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Next Steps For Your Spring Garden

Have you noticed?  The days are getting longer, like, really longer.  We’re half way through the month of February, which puts the Spring Equinox about five weeks out.  Five more weeks, and we’ll reach that magical time in spring where our days are over 12 hours, and they just keep getting longer.  Folks, it’s garden time.

If you caught my post last month that details what you needed to do to get your seed starting gear ready for spring, and if you followed-through, your seed starting gear should be ready to go.  This is good news, because the time to start seeds is now – now as in this weekend and next weekend.

You have a couple of plant categories you should get started this month – the cold season vegetables for transplant, and the warm season plants that need a long run time to get established.  Note: If you start warm season plants now, you will need a place to keep them until late May or early June.  A greenhouse or warm window sill with the addition of a grow light is usually sufficient. 

Here are some of the seeds I’m starting in the next couple of weeks:

Cold Season Starts (this week)

  • Kale
  • Swiss Chard
  • Spinach
  • Purple Orach
  • All Brassicas (broccoli, cabbage, mizuna, tatsoi, Brussels sprouts, cauliflower)
  • Onions
  • Parsley
  • Cilantro
  • Lettuces (all varieties)

Warm Season Starts (next week)

  • Tomatoes (all varieties)
  • Basil

Many other cool season vegetables benefit from direct sowing in your garden (i.e. carrots, beets, turnips, radishes etc.), so save planting space for these seeds that you’ll plant later in the spring.

Again, check your bees.  If you’re in Colorado Springs I would strongly recommend that you check your bees either Saturday or Sunday of this coming weekend.  The temperatures will be warm enough to open up the hive, and you need to check their food supply.  We still have a couple of months before wild food sources become available to the bees (i.e. dandelions), so there’s still plenty of time for your bees to starve.  Open the hive, check on the colony, assess their available food, and take corrective measures if necessary.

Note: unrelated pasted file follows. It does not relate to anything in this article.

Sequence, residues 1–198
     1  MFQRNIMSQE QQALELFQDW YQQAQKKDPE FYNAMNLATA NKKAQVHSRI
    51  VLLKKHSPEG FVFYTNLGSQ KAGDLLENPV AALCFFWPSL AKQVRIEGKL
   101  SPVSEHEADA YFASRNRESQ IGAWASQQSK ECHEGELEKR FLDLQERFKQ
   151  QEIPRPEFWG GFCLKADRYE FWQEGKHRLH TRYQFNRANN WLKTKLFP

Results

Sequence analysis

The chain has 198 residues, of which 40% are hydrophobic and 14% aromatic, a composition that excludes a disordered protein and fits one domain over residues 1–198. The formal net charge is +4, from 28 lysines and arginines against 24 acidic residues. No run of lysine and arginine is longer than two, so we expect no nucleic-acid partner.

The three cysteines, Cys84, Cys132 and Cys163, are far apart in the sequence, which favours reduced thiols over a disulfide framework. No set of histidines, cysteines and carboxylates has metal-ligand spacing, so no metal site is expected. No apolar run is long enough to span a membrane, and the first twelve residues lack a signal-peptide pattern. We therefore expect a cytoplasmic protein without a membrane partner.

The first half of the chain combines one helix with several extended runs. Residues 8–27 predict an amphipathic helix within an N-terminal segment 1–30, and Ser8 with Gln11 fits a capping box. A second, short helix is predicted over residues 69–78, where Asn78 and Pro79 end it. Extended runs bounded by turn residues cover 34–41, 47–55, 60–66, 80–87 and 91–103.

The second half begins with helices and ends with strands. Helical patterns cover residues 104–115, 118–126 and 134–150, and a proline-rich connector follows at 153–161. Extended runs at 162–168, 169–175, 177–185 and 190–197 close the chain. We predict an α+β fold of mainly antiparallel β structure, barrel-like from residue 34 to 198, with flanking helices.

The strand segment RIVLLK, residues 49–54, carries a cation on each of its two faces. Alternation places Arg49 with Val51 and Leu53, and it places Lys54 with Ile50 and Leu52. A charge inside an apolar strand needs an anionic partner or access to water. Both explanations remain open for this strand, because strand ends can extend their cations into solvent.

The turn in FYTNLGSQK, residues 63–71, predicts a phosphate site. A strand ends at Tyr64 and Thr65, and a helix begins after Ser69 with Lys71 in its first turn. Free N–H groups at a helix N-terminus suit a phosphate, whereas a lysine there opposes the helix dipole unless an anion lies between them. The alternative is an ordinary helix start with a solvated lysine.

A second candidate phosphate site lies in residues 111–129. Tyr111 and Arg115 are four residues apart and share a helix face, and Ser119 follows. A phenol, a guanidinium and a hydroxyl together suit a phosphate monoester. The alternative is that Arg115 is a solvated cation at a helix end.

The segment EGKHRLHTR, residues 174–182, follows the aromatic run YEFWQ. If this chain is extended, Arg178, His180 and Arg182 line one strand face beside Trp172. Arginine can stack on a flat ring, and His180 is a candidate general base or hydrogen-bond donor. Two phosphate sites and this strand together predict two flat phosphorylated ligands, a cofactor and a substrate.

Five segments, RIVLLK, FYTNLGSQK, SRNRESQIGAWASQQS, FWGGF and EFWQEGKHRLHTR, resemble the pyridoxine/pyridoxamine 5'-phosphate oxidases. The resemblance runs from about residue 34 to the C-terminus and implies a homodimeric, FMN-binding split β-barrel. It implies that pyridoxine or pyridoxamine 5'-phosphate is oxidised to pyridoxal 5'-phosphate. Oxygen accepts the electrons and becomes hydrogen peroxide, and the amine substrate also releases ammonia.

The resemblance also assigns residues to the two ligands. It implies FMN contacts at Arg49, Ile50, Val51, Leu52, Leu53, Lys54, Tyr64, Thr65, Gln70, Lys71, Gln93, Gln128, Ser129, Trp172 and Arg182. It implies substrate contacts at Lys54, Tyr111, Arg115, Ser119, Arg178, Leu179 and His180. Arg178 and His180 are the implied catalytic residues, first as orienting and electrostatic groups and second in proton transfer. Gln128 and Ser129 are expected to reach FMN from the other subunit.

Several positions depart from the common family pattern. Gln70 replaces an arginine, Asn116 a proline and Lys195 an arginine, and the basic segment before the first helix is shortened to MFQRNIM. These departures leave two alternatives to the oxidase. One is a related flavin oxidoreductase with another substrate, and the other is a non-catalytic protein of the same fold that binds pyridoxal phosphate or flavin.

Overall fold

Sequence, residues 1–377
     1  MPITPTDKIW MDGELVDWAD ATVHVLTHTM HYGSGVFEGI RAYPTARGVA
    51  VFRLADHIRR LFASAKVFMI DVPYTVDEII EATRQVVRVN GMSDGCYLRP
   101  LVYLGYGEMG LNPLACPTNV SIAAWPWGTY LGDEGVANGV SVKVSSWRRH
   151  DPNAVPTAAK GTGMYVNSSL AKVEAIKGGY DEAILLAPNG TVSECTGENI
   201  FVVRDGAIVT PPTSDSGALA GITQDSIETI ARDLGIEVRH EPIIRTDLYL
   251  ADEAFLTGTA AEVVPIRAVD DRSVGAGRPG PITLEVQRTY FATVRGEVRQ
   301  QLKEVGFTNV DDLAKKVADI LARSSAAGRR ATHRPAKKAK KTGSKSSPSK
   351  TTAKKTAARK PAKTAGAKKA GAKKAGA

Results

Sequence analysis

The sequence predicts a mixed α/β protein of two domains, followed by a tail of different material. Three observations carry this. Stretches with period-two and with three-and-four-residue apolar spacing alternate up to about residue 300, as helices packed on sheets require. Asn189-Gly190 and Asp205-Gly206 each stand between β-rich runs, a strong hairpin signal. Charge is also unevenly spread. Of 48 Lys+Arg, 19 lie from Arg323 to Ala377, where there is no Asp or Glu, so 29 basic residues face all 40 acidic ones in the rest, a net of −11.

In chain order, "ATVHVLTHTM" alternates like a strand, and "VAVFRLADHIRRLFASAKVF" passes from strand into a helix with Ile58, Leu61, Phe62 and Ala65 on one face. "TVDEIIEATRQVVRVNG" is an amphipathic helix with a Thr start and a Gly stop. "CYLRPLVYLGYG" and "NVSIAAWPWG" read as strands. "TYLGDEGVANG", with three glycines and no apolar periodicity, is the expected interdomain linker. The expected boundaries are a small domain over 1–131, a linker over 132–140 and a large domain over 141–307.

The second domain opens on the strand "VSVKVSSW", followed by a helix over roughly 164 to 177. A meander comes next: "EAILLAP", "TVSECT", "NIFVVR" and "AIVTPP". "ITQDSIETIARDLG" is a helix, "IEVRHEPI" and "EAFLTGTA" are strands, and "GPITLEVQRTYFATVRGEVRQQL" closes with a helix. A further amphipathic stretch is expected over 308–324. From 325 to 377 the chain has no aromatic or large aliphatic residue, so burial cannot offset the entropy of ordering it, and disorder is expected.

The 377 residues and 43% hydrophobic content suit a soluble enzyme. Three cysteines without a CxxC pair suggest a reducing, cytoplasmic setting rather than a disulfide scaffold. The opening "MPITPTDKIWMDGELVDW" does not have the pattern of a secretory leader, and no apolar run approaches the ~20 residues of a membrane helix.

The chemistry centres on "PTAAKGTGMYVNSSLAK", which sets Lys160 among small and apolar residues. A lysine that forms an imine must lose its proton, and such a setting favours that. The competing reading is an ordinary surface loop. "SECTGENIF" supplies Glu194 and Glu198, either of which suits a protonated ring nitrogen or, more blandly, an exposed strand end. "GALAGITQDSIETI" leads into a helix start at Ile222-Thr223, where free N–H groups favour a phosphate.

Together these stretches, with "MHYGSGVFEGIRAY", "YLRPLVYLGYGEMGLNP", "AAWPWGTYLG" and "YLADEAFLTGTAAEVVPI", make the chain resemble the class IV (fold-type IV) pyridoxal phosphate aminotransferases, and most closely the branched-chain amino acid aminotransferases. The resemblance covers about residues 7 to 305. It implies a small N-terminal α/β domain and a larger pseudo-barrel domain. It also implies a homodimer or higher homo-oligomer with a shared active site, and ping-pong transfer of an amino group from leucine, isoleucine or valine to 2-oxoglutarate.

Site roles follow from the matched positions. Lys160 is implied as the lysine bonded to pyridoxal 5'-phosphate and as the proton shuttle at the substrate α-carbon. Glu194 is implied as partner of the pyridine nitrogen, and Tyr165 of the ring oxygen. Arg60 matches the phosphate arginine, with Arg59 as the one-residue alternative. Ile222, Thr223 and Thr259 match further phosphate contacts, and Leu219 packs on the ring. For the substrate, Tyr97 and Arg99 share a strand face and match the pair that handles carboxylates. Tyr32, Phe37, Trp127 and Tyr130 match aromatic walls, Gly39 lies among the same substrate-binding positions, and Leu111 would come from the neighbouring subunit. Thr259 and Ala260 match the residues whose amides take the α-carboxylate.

If you keep meat rabbits, this is the time to have your does breed.  Rabbits suffer in the heat, and many does will not take to breeding in hot weather.  Have your does breed late this month or early next, for kits (baby rabbits) in late March or early April.

Order pullets this month if you need replacement hens for your backyard flock.  Many hatcheries sell out early – order now.

One last thing I would recommend you do this month is check your season extending gear, and patch-up or repair as needed.  Season extending gear can be anything from high tunnels to old plastic 1- gallon milk jugs with the tops and bottoms cut-off.  Whatever you use, make sure it is in good repair and ready to go – you’re going to need it next month or soon after.

So there you have it, your marching orders for February.  So, don’t get behind on your seed starting; if you get behind you’ll never get caught-up – plants don’t grow faster just because you started your seed late in the season.

And lastly, enjoy the first inklings of spring – the growing season is nearly upon us.

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2 Responses to Sustainability Experts Sound Off

  1. Tascha October 31, 2012 at 6:56 pm #

    Christine – what a great question and diverse answers. I’d like to think that the shift in demand is an indicator, but as you know, most of the demand is still through our traditional food sources (big chain grocery with an organics line, fast food with healthier choices). Jury is still out on whether they are truly sourcing from sustainable ag. And as I look around Colorado Springs, yes we have great farmers markets and CSAs, but many of the farmers markets are selling right off the same trucks that come from Mexico to supply grocery stores.

    What I do see is that people are questioning more and more information is getting out there. I also think that as the economy starts to pick up again that more folks will allow their money to follow their values (spending a bit more in order to get sustainably grown food).

    • Christine October 31, 2012 at 7:06 pm #

      Ya’ know, I tend to agree with you, Malik and a few others that the most significant indication of a “shift” is the fact that people are talking about this. Folks are having real conversations about food, agriculture, sustainability, GMOS’s, organic, and humanely raised. This is new and radical, and in my mind it is moving our culture closer to a sustainable food system.

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